Small Business Banking Series in Greater Kansas City

Wednesday, July 17 at 08:00 AM
Category: Business Banking

Business Blogging Basics

Have you ever thought about starting a blog for your small business? If so, you have most likely followed that thought with:

  • Is it really worth the time and effort?
  • What in the WORLD do I blog about on a regular basis?
  • How does blogging impact SEO (Search Engine Optimization)?

If this conversation sounds familiar to you, join our featured speaker, Ben Seidel of Igniting Business, for Blogging Basics for Small Businesses. Ben will guide you through this dynamic seminar that will address the benefits (and challenges!) of blogging.

Ben Seidel is the CEO & Founder of Igniting Business which provides web design, SEO services, and marketing tailored for small businesses. He started in marketing very early on in his career, developing his first websites and SEO solutions for commercial clients at the young age of thirteen. Ben has grown Igniting Business to a phenomenal team of web, SEO and marketing experts. Through his entrepreneurial journey, Ben has been recognized on a local and national level, including entrepreneurship awards from both the NFIB and NASE. He has also been featured in publications such as CNBC Universal, Yahoo News, Intuit Small Business, Mizzou Magazine and Fox Small Business.

From their headquarters in Kansas City, Igniting Business has grown to serve clients all over the nation, stretching from Juneau, Alaska to Washington DC. Ultimately, Ben’s true passion is to help small businesses grow and succeed!

This session will be held Wednesday, August 28, 2019 from 11:30am to 1:00pm at the Regnier Center of Johnson County Community College (12345 College Blvd, Overland Park, KS – Room 270). This class is open to the public and registration includes lunch.

Space is limited. Registration is required. Please visit the event site to reserve your spot today.

 

Generously sponsored by Arvest Bank and hosted by the Kansas SBDC at JCCC, this workshop is the first of a 4-part Small Business Growth Lunch & Learn series*. The series will be an opportunity for small business owners and resource partners to network, share best practices, and learn from industry experts. Each session will feature a presenter on a different small business topic.

*Participants do not need to attend all four sessions.

 

Registration link: https://ce.jccc.edu/courseDisplay.cfm?schID=16473

 

Tags: Business Banking, Kansas City
 

Mitigating Cyber-Crime Seminar

Monday, July 08 at 08:00 AM
Category: Business Banking


You’re invited to a free seminar – Mitigating Cyber-Crime Threats Impacting Business, Non-Profit, and Public Sector Entities – A Presentation of Federal Law Enforcement Agency Guidance – on Thursday, August 1 from 9:30am – 11am at Elliott Robinson & Co CPA's located at 2305 S. Blackmon Rd, Ste D, Springfield, Missouri.

 

 

 

With electronic fraud on the rise, learn how Arvest services can help businesses:

- Monitor electronic debit activity

- Verify pre-authorized debit transactions

- Return unauthorized electronic debits, once identified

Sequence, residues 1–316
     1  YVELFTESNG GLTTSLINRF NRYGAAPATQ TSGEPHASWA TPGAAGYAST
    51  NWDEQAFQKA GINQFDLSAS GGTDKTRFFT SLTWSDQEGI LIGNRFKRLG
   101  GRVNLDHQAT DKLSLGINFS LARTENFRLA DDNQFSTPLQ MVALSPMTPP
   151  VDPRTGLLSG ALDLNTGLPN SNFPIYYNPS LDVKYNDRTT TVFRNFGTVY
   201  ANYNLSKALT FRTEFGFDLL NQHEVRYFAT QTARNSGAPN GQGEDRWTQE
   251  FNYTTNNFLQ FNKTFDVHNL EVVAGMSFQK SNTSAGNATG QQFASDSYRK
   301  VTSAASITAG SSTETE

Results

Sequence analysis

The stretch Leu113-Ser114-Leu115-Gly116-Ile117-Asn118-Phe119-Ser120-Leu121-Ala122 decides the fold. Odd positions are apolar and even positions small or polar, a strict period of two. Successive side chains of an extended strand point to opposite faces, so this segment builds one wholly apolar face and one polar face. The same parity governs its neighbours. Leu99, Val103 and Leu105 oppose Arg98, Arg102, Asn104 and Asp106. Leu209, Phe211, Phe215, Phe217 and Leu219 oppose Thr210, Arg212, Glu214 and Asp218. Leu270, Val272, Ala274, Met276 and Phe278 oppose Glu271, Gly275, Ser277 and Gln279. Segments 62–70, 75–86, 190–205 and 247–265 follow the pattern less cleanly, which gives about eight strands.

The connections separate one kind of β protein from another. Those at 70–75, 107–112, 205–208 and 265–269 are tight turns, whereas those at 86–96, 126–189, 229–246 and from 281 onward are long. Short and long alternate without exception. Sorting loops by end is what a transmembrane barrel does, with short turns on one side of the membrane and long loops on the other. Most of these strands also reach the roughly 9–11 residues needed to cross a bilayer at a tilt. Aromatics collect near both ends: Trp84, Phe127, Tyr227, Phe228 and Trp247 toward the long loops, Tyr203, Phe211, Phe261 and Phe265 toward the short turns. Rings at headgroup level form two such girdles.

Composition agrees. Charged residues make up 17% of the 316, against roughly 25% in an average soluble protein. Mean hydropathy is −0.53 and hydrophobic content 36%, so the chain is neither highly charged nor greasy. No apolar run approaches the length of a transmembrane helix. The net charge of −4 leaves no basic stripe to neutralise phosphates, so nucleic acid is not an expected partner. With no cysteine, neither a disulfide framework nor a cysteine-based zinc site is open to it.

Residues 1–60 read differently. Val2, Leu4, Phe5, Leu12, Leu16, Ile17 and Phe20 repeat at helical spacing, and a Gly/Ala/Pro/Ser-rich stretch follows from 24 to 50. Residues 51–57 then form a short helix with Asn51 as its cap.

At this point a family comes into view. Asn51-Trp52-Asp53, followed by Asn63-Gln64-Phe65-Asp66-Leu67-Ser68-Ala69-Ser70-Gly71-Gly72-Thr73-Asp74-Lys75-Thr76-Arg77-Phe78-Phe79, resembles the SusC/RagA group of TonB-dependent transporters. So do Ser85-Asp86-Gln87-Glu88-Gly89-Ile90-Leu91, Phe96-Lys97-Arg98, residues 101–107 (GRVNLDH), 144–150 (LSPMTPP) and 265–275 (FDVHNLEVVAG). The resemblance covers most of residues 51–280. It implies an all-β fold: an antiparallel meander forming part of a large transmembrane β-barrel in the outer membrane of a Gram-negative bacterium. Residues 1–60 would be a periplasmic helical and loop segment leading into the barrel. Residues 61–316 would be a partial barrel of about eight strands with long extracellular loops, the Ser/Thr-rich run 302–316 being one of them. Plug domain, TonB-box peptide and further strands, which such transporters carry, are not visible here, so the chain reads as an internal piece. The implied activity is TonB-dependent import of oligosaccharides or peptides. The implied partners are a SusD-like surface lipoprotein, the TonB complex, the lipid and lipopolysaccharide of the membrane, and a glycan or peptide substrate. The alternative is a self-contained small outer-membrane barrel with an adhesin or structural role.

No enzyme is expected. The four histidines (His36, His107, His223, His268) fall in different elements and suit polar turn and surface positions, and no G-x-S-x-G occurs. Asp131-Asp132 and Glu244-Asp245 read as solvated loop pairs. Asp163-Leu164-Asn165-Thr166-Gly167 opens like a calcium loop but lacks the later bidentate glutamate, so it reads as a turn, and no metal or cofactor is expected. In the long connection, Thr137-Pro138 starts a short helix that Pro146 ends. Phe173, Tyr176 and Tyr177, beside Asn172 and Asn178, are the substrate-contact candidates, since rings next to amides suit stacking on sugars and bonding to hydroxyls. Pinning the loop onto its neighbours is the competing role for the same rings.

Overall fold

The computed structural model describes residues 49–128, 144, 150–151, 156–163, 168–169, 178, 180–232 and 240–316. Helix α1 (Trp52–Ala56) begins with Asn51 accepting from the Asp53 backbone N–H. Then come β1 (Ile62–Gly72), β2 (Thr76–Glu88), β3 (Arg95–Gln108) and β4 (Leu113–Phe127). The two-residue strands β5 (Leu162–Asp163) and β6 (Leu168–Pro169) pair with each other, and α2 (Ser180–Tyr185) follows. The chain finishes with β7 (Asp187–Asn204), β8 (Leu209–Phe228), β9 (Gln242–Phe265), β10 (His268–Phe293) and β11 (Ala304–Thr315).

- Reduce potential for losses

Speaking will be Jon Pascoe, CISSP, CIPP/US, HCISPP, and Director of Privacy Risk Management at Arvest Bank. Seating is limited. Please make your reservation with Candy Letterman at (417) 827-8435 or cletterman@arvest.com by Thursday, July 25. 

Tags: Arvest, Missouri, Springfield
 

Small Business Banking Series in Greater Kansas City

Wednesday, May 08 at 01:00 PM
Category: Business Banking

So… What Do You Do? What’s Your 10-Second Commercial?

When meeting people for the first time, why do we struggle with explaining what we do in 10 seconds or less? Join our featured speaker, Dan Stalp of Sandler Training, for this highly interactive session where participants will:

  • Build intrigue when someone asks, “What do you do?”
  • Be more clear about the types of people/companies who qualify as good candidates for your business; and
  • Learn how to set strong verbal agreements with those who qualify for follow-up after meeting someone.

Dan Stalp has over 26 years of experience leading, training, and coaching high performing individuals. He has risked everything and completely started over twice career-wise, once in 1993 and again in 2005 by co-founding and founding his own firm. Dan has co-authored two books, “The Reunion” and “Antoerh Reunion,” about career significance and how pursuing what you were “meant to do” – along with always being grateful – plays an instrumental role in being the best you can be.

When not being mistaken for a certain Hollywood movie star, Dan and his wife Lisa of 28 years travel to Dallas, TX and Fayetteville, AR to visit their two grown daughters. Or they are attending rugby and lacrosse events for their high school and college aged sons.

This first session will be held Wednesday, May 29, 2019 from 11:30am to 1:00pm at the Regnier Center of Johnson County Community College (12345 College Blvd, Overland Park, KS – Room 270). This class is open to the public and registration includes lunch.

Space is limited. Registration is required. Please visit the event site* to reserve your spot today. 

Generously sponsored by Arvest Bank and hosted by the Kansas SBDC at JCCC, this workshop is the first of a 4-part Small Business Growth Lunch & Learn series*. The series will be an opportunity for small business owners and resource partners to network, share best practices, and learn from industry experts. Each session will feature a presenter on a different small business topic.

Links marked with * go to a third-party site not operated or endorsed by Arvest Bank, an FDIC-insured institution.

 

*Participants do not need to attend all four sessions. 

Tags: Financial Education, Kansas City
 

FRAUD ALERT: Business Email Compromise Scams are on the Rise

Thursday, October 25 at 09:00 AM
Category: Business Banking

Arvest Bank is warning business owners about Business Email Compromise (BEC) and E-mail Account Compromise (EAC) schemes. These are sophisticated scams targeting both businesses and individuals performing wire transfer payments. Perpetrators have been known to impersonate business executives, real estate industry representatives, HR staff, law firms, and trusted vendors to initiate or redirect wire transfers to overseas bank accounts.